Summary and Analysis
Book 3: Chapters 24–26
Chapter 24: Johnny is a Democrat, so the family attends a celebration staged by the Mattie Mahoney Association, a Democratic organization, which includes a boat ride and picnic. The boat ride and picnic are designed to entice women, who will soon get the vote, and children, who will eventually be old enough to vote, into becoming Democrats. Sergeant McShane notices Katie and admires her beauty. Katie also notices him and asks about him.
Chapter 25: Johnny has begun to drink even more, but on those occasions when he is sober, he tries to be a better father to his children. On one of the days that he is sober, he takes Francie and Neeley to Bushwick Avenue to show them what they can achieve from living in a Democracy. Anything is possible in the United States.
Chapter 26: At Thanksgiving, all the children dress in costumes and go into the neighborhood stores to beg for treats. Because certain stores depend on the children to buy candy the rest of the year, several of the shopkeepers provide treats on this day. This Thanksgiving begging is a long-standing tradition that is over by noon.
At school, one of the girls brings a small five-cent piece from home. Francie's teacher asks the children if someone wants to take home a small donated pumpkin pie. Francie says she will take it and give it to a poor family. Francie eats the pie, as she had intended to do all along. The next day when the teacher asks about the pie, Francie makes up an elaborate story about the poor family to whom she gave the pie, which does not fool the teacher.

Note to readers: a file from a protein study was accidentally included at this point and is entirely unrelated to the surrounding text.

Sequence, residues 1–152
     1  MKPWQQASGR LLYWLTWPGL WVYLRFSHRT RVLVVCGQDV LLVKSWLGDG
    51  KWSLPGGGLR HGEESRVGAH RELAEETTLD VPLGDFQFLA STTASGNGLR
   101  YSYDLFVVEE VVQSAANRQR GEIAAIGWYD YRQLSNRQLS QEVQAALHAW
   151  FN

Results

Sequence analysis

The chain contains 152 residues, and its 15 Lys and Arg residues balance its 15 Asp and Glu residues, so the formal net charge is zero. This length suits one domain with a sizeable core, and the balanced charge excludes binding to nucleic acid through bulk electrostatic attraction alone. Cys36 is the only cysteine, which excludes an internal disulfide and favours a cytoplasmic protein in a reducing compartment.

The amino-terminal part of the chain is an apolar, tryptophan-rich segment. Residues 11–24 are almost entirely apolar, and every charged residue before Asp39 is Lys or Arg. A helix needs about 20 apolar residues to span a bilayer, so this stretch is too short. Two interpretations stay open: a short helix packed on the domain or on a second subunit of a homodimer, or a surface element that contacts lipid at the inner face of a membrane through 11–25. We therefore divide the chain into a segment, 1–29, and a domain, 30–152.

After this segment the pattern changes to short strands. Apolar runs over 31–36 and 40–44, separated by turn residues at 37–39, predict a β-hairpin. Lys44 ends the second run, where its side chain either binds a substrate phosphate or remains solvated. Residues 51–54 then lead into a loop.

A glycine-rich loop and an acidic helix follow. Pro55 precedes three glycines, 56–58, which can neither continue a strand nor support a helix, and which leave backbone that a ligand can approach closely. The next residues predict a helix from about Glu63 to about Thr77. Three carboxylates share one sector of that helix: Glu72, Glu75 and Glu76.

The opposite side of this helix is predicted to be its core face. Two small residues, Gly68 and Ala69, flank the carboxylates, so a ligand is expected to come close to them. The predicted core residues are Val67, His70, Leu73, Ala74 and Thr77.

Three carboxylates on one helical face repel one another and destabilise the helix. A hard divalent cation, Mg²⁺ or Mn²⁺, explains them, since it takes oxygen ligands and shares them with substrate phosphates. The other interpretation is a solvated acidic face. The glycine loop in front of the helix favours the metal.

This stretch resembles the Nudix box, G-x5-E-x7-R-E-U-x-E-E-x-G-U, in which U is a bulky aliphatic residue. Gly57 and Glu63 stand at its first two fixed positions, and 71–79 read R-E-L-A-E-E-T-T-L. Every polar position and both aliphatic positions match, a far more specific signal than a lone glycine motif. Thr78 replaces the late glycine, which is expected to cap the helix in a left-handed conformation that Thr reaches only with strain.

Johnny is a Democrat because he needs to believe in the promises of politicians, who offer hope for a better future. The more pragmatic Katie already distrusts politicians and says that when she can vote, she will vote to throw them all out of office. Katie is too much of a pragmatist to ever believe in the promises of politicians. She is practical enough, however, to take advantage of the free boat ride and picnic offered to prospective Democrats in hopes of recruiting more votes. Johnny's comment that she will vote as he tells her was a common response by men during the suffrage movement. Francie notices that Katie smiles when Johnny tells her that she will vote as he instructs her to vote. Francie compares her mother's smile to the Mona Lisa, whose enigmatic smile has always suggested some sort of mystery. Francie's comment implies that Katie is keeping her own secrets from Johnny. It is further evidence that Katie will not be controlled by Johnny.
When Francie loses her tickets, McShane tells her that it is rare for a girl to lose tickets. The boys more often lose tickets, which further enforces the model that Katie and Johnny present. In losing her tickets, Francie is more like her father, willing to take chances that are risky. Katie, of course, scolds Francie for not being more careful. Katie's attraction to McShane is disturbing to Johnny and Francie. Both of them observe Katie's interest in the sergeant and her comment that he is a good man. Johnny's response indicates that he thinks Katie does not consider him a good man. Johnny's efforts to educate his children about democracy and the possibilities that living in America offer are his attempt to be a good father to his children. Johnny may not be a good provider, but his efforts on behalf of his children are a reminder that he is more than just an unreliable husband.
Thus far, the narrator has related several holidays, including the fourth of July, Halloween, and Election Day. In this chapter, readers learn about Thanksgiving, which involves customs that modern-day readers would recognize as more indicative of Halloween. The episode with the pie is a reminder that food is an important focus in the lives of a poor, often-hungry family. The pie is not good and Francie does not enjoy eating it, but she knows that her mother is proud and would not appreciate Francie bringing home a charity pie. Readers also learn that Francie has a habit of lying or exaggerating the truth. Writing provides a way for her to tell the story the way she wishes it to be, which will also help her to tell the story the way it really happened. Francie's teacher provides a first important step toward turning Francie into a writer.